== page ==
understand the real nature of the current tussle between the Senate and
the CIA, with Dianne Feinstein
Harry Reid denouncing John Brennan and Langley for essentially spying
on the Senate's intelligence oversight committee, all you really
need to do is watch a few reruns of The Sopranos.
Really? I have no idea,
for I have no television. But the article asks some serious questions:
Then again, Eisler
suggests the politicians all will back down, eventually, and we will
not get realistic answers to the questions.
Why does Feinstein, whose
oversight committee has reviewed a reported six million documents and
produced a 6,300-page report on CIA practices Feinstein calls "brutal"
and "horrible" and "un-American", insist on referring merely to a CIA
"interrogation" program rather than calling
it a torture program, which is what
the program actually was? Why doesn't she declassify the report
simply by introducing it into Senate proceedings pursuant to the
Constitution's Speech or
And why would she
claim "the CIA's search may also have violated the Fourth
Amendment, the Computer Fraud and Abuse Act, as well as Executive Order
12333, which prohibits the CIA from conducting domestic searches or
surveillance [and] may well have violated the separation of powers
principles embodied in the United States Constitution" … and then ask
for nothing more than "an apology and a recognition that this CIA
search of computers used by its oversight committee was inappropriate"?
"I Only Get – and My Committee Only Gets – What They WANT To Give Me.”
Next, an article by Washington's Blog (with a title of four lines, that
This starts with quoting
a dialogue that took place in 2007 between a reporter Davis and the
then-chairman of the Senate Intelligence committee Jay Rockefeller. The
bolding is in the original:
That was 2007. The rest
of the article makes a strong case that it is worse now.
DAVIS: Reports quote
administration officials as saying this is going on and it’s being done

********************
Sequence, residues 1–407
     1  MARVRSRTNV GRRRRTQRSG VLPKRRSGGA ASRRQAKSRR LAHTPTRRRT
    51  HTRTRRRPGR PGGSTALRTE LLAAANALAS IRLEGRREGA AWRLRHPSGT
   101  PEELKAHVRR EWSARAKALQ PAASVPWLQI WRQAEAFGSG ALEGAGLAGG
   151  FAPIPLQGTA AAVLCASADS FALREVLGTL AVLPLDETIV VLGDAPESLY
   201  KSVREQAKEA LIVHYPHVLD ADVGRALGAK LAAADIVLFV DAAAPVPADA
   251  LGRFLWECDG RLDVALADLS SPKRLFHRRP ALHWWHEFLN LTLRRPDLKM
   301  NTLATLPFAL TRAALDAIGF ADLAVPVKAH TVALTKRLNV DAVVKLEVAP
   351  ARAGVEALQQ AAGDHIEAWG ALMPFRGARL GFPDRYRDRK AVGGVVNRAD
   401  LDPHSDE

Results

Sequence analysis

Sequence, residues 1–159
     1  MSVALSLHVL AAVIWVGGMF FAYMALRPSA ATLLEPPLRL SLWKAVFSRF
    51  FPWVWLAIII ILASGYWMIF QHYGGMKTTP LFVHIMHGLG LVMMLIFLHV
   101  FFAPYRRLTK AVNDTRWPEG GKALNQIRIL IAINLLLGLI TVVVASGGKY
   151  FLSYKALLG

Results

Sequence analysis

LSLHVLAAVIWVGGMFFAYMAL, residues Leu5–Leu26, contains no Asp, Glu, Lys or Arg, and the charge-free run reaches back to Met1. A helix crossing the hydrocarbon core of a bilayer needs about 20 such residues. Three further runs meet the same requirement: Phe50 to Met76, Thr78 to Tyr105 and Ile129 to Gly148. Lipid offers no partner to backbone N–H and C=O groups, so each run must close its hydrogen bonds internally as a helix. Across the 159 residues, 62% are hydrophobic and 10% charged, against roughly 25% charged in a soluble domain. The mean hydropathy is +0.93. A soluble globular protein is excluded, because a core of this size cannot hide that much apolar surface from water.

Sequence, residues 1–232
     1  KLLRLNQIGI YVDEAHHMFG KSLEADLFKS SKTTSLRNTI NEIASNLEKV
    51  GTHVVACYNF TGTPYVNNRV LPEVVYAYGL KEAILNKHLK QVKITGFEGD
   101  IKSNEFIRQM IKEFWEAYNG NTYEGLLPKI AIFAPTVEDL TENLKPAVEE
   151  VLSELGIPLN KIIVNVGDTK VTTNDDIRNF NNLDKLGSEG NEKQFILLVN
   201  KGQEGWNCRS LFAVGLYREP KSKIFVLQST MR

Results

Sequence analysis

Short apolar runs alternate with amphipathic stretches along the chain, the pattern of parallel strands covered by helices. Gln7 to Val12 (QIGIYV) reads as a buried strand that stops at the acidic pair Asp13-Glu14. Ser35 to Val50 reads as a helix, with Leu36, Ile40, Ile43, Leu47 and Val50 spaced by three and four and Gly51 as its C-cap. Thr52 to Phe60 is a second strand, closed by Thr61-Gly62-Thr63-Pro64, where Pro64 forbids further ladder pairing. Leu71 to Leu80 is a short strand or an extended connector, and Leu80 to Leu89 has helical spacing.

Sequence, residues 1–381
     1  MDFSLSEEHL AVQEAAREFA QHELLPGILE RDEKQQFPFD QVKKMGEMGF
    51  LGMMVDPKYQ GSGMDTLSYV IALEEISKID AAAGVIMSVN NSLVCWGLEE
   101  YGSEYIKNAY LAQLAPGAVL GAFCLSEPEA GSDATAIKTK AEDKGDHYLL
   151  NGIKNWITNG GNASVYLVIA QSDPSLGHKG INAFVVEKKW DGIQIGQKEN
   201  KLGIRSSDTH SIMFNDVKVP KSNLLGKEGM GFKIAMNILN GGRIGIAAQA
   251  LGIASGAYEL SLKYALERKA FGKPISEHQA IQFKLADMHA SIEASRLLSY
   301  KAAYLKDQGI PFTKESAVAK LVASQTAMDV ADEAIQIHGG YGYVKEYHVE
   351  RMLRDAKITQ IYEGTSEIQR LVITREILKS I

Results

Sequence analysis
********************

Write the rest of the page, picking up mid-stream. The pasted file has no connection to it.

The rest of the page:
in a way to avoid oversight of the Intelligence Committee. Is there any
ROCKEFELLER: They’ll go
to any lengths to do that, as we’ve seen in the last two days [during
hearings on FISA].
DAVIS: Is there anything
you could do in your position as Chairman of the Intelligence Committee
to find answers about this, if it is in fact going on?
ROCKEFELLER: Don’t you
understand the way Intelligence works? Do you think that
because I’m Chairman of the Intelligence Committee that I just say I
want it, and they give it to me? They control it. All of it. ALL of it.
ALL THE TIME. I only get - and my committee only gets -
what they WANT to give me.
6. Record Cold Winter Wallops Already
article by Andrea Germanos on Commom Dreams, that may be part of the
crisis next year:
This starts as follows:
The record cold
that gripped much of the Midwest this winter added insult to injury to
already struggling bee populations.
Also, the bees died not only
because of the severe winter, but for various reasons.
While they expect to lose
a small proportion of their hives each year, Iowa beekeepers say this
year their losses are far beyond normal ranges.
"It's devastating," Mike
Swett of Squaw Creek Honey told
local Iowa station KCCI. "When I came out and saw my loss, I
mean you literally just cry."
Iowa Department of
Agriculture bee researcher Andrew Joseph says the losses could be as
high as 70 percent, compared to an average winter loss of up to 20
The reason the article is here is that without bees - suppose all or
nearly all died next year, e.g. because they can't cope with the latest
Monsanto poison - there is far less pollination, which means less crop,
which may mean the end for many poor people, since that would mean the
food prices get up a lot.
That situation did not yet arise, but it may: See Pollinator
decline on Wikipedia (and also Bee, at the end).
 Here it is necessary to insist, with
Aristotle, that the governors do not
rule, or at least, should not rule: The laws rule, and the
if good, is part of its executive power. Here I quote Aristotle from my
More on stupidity, the rule of law, and Glenn
It is more proper
that law should govern than any one of the
citizens: upon the same principle, if it is advantageous to place the
supreme power in some particular persons, they should be appointed to
be only guardians, and the servants of the laws.
(And I note the whole file I
from is quite pertinent.)
(that I prefer
to call M.E.: The "/CFS" is added to facilitate search machines) which
is a disease I have since 1.1.1979: